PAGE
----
Nursing and Fine Arts

“Art belongs to the people. It belongs to those who “stand here ironing,” to those who clean city streets, to those who work in front of computer screens, as well as to those who read in the ivy halls.

— Pat Schneider (1996) from the book 'The Writer as an Artist: A New Approach to Writing Alone and With Others.'

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Nursing and VIsual Arts

“Photography, a form of visual art, has been used to enhance personal knowing by inspiring introspective discussions surrounding nursing care.

— Smith, R.L., Bailey, M., Hydo, S.K., Lepp, M., Mews, S., Timm, S., & Zorn, C. (2004) Nursing Education Perspectives

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Iconic Photograph of a nurse (Greta Friedman) being kissed by a sailor in Time Square on V-J (Victory Over Japan) Day in 1945

Nursing and History

“Those who cannot learn from history are doomed to repeat it. Those who do not remember their past are condemned to repeat their mistakes. Those who do not read history are doomed to repeat it. Those who fail to learn from the mistakes of their predecessors are destined to repeat them.

— George Santayana (1905) from the book 'The Life of Reason'

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Nursing and Literature

“The mind trained to read, interpret and discuss literature is a mind trained to read and perceive experiences of patients and nurses in a most useful and important way

— Beckingham, C. (1986) Journal of Advanced Nursing

Walter "Walt" Whitman
Walter "Walt" Whitman

 

Nursing and Music

Music is important to nursing care and the studying of Nursing in more aspects than just a means of Music Therapy (Dellasega et al., 2007). Throughout history, music has been used for the art of care for its therapeutic purposes in order to relieve anxiety and pain and to positively effect an individual's physical, psychological, cognitive and social functioning (Onieva-Zafra et al., 2013). Music, along with the other branches of humanities, provides a foundation provide a holistic and humanistic understanding (Dellasega et al., 2007).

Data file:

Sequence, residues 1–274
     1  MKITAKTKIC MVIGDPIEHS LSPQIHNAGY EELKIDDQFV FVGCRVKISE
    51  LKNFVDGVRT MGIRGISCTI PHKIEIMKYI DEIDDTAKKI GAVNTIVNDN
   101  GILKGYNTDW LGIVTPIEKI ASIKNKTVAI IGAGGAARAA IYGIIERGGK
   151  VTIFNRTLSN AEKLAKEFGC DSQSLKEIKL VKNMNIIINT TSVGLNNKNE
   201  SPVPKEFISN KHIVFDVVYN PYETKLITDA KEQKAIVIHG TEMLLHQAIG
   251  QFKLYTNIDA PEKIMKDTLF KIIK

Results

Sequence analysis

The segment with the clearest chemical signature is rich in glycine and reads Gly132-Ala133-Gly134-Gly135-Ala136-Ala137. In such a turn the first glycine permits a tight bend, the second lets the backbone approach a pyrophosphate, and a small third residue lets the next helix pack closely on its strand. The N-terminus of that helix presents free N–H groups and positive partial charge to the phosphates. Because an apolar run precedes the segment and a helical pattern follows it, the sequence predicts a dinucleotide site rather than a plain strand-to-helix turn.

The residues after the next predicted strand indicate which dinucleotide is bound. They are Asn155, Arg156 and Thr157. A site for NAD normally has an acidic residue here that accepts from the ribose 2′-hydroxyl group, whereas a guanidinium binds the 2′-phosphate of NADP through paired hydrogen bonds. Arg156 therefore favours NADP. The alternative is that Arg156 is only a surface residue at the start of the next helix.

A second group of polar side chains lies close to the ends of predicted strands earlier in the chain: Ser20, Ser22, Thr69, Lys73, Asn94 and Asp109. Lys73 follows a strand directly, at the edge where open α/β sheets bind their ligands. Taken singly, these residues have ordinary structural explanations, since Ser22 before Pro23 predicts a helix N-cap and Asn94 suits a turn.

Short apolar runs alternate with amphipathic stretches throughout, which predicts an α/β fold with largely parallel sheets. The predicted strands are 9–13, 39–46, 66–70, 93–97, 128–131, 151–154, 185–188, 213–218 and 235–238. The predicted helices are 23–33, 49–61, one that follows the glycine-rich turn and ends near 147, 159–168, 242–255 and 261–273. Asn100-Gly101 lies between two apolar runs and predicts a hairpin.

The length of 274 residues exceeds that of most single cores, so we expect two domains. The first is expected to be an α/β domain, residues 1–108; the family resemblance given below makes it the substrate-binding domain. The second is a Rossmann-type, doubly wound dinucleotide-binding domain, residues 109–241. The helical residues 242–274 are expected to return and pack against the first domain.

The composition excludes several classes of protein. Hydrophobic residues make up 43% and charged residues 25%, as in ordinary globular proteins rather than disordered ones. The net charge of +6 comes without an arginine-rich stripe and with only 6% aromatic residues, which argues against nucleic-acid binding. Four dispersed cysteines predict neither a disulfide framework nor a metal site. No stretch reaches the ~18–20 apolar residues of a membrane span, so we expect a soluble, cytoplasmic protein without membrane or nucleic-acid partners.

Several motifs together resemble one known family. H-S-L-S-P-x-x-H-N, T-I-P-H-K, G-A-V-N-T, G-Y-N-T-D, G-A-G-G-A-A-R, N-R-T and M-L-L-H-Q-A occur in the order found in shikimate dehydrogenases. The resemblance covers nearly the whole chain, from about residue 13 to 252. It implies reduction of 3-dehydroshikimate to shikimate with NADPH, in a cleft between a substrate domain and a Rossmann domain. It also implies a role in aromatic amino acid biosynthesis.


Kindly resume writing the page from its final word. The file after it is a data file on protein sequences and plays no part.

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Nursing and Philosophy

“Nursing must always return to its basic principles, that of the human condition (humanitus).

— John S. Drummond from the works of French philosopher Jacques Derrida

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Nursing and Religion

Religion allows nurses to bring a variety of critical and interpretive approaches to bear on their relationships to important healthcare issues and nursing care (Darbyshire, 1993). 

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Nursing and Language

“The Humanities, the branches of knowledge that address the state or quality of being human and living authentically, have been called the language of the soul.

— Smith, R.L., Bailey, M., Hydo, S.K., Lepp, M., Mews, S., Timm, S., & Zorn, C. (2004) Nursing Education Perspectives

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Mission

Our aim is to provide high-quality, inquiry-based educational programming in humanities. We enhance synthesis of qualitatively robust approaches to developing patient-centered care competencies of nurses who will value reflection, creativity, and discovery. 

Leadership

FIDEL LIM, CCRN DNP  Clinical Assistant Professor
FIDEL LIM, CCRN DNP
Clinical Assistant Professor

Fidel Lim has worked as a critical care nurse for 18 years and concurrently, since 1996, has been a faculty member at New York University Rory Meyers College of Nursing. As the faculty advisor to various student groups (Undergraduate Nursing Student Organization, Asian Pacific-Islander Nursing Students Association, Men Entering Nursing, and the LGBT group) he has, among other things, fostered salience in nursing education through high-quality extra-curricular programming. His work as a Nurse Educator in a Magnet-designated hospital provides sustainable staff-focused educational support. He is particularly interested in bridging gaps in nurse engagement and practice excellence. Dr. Lim has published articles on an array of topics ranging from clinical practice, nursing education issues, LGBT health disparities, reflective practice, men in nursing, and Florence Nightingale among others.

MATT MARSAGLIA  Learning Experience Designer
MATT MARSAGLIA
Learning Experience Designer

Matt Marsaglia is a learning experience designer and adjunct faculty member at the Rory Meyers College of Nursing. Marsaglia leads project development and instructional design for blended, online, and face-to-face projects in research, faculty development, global outreach, and student learning and teaches a Design for Nursing course in the graduate program.